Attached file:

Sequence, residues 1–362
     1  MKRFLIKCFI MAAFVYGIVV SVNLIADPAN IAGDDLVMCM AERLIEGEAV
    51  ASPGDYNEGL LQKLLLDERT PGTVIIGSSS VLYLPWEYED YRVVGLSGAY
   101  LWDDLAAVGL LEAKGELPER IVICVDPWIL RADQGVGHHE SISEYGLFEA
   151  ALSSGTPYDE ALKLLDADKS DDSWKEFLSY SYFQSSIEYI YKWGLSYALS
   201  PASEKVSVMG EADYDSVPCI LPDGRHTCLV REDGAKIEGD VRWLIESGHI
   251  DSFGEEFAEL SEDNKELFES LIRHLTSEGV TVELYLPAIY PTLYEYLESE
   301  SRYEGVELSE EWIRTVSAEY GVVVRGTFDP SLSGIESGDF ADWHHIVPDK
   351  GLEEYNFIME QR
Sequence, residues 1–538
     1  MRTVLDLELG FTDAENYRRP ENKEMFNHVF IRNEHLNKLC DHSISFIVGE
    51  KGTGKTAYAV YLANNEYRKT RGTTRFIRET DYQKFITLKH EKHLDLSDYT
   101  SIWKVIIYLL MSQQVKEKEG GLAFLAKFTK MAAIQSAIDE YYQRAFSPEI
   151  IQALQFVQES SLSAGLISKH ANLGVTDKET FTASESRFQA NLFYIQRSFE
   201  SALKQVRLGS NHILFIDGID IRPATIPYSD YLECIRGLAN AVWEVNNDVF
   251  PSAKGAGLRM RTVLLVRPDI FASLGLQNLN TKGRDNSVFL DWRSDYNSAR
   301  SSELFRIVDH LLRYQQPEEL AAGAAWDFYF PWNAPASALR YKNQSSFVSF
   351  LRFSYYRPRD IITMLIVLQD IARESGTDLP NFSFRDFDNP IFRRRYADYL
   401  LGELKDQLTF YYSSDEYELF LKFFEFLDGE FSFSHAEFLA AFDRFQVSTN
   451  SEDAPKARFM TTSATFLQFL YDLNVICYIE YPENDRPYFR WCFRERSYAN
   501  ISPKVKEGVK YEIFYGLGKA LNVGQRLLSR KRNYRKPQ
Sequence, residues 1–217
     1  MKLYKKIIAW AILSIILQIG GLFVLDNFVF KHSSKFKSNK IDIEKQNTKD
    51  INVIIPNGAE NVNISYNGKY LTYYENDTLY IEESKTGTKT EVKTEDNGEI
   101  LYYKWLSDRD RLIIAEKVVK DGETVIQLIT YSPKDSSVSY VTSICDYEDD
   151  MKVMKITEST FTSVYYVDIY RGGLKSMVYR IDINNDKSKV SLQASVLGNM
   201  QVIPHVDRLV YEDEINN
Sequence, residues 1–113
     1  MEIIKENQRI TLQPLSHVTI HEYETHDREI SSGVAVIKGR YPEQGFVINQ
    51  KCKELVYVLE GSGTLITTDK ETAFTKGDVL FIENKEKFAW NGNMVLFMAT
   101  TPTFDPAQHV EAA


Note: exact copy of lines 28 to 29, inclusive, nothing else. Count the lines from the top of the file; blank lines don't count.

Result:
Sequence, residues 1–113
     1  MEIIKENQRI TLQPLSHVTI HEYETHDREI SSGVAVIKGR YPEQGFVINQ